Ohman, a forty-four-year-old Swedish-American farmer, discovered
a stone wrapped around the roots of an aspen or poplar tree. The
stone was an irregular rectangular slab of graywacke shaped
somewhat like a tombstone weighing 202 pounds, about 2 1/2 feet
high, 3 to 6 inches thick, and 15 inches wide. Farmer Ohman and
his son exhumed the stone and noticed strange inscriptions
placed on the part which presumably had been intended to stand
the stone's inscription
removal the stone was cleaned and washed. A Norwegian neighbor,
Nils Flaten, was asked to examine the stone, also unable to
decipher the inscriptions. After a few days, Ohman claims that
he took it to Kensington where it was placed in a bank. The find
was announced and given to newspapers early in the year 1899. It
was soon ascertained that the symbols on the stone were of runic
origin, and quickly translated into Swedish, Norwegian, and
English. When translated, the inscription reads:
Swedes and Twenty-two Norwegians on an exploration journey
from Vinland westward. We had our camp by 2 rocky islets one
day's journey north of this stone. We were out fishing one
day. When we came home we found ten men red with blood and
dead. AVM save us from evil. We have ten men by the sea to
look after our ships, fourteen days' journey from this island.
this inscription was startling and created a great deal of
controversy. Professor O.J. Breda of the University of Minnesota
was sent a copy and quickly dismissed the inscription as being a
hoax. Several other professors at Scandinavian and American
universities also claimed that the stone was a forgery.
Consequently, little attention was paid to the stone and it was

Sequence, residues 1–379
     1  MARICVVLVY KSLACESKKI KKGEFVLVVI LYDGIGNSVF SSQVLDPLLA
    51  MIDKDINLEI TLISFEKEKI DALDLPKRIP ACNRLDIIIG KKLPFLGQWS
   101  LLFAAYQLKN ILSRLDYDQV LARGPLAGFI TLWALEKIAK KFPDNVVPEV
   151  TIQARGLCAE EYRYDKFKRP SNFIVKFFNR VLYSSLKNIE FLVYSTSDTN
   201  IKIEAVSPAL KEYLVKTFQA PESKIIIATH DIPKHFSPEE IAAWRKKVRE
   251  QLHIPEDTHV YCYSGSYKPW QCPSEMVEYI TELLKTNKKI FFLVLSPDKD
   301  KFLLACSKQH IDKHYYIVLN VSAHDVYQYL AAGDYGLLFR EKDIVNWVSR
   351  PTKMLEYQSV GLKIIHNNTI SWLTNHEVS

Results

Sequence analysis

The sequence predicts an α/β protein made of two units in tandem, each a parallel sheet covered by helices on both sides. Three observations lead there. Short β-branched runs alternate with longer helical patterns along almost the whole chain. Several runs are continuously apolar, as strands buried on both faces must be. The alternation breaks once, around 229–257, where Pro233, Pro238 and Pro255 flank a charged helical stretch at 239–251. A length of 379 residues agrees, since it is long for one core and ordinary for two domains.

soon returned to farmer Ohman where he used it as a door step
before it was rediscovered.
of the first adherents to the stones authenticity was a writer
of Norwegian decent named Hjalmar Rued Holand of Ephraim,
Wisconsin. In 1907, Holand journeyed to the Ohlman farm and
acquired the stone, having it sent to his home. It was Holand
who began the drive to prove the stone's authenticity. With
virtually no other support from the academic community, Holand
started a campaign to prove that the Kensington stone
demonstrated that Vikings made it to Minnesota in the 14th
century. Holand claimed that there was an expedition led by a
Paul Knutson to Christianize the Vikings of the West and that
this story correlates with the dates given on the stone.
According to Holand, the Vikings expedition led them through
Hudson Bay, Lake Winnipeg, and up the Red River to a place near
present day Kensington, Minnesota. It is his belief that the
stone is a remnant of the Knutson expedition. This theory gained
popularity among the Scandinavian communities of Minnesota and
helped perpetuate the tale's validity even after it had been
denounced by numerous academic figures. Today the stone remains
a fascination among the Scandinavian descendants living in
Minnesota and the stone is now on display at the Rune-Stone
Museum of Alexandria, Minnesota.
In Norse mythology, queen of
the Nibelungs, or Burgundians, wife of King Giuki, and mother of
Gunnar, Hogni, and Gudrun.
Grimhild often applied her
knowledge of runes and sorcery to treacherous ends. According to
the 'Volsunga Saga', Grimhild gave the hero Sigurd a drink of
forgetfulness while he was at King Giuki's court. Sigurd forgot
his love for the Valkyrie Brynhild, and married the queen's
daughter, Gudrun. Sigurd was instrumental in the plot to deceive
Brynhild into marrying Gunnar. In the Icelandic 'Poetic Edda',
Grimhild gave Gudrun a potion in a rune-covered goblet after the
murder of Sigurd. Under the potion's baleful influence, the
grief-stricken Gudrun forgot the slain Sigurd and married the
villainous and greedy King Atli of the Huns. The deception led to
the demise of the Nibelungs.
In the Germanic epic 'Song of
the Nibelungs' (Nibelungenlied), Grimhild is called Uote.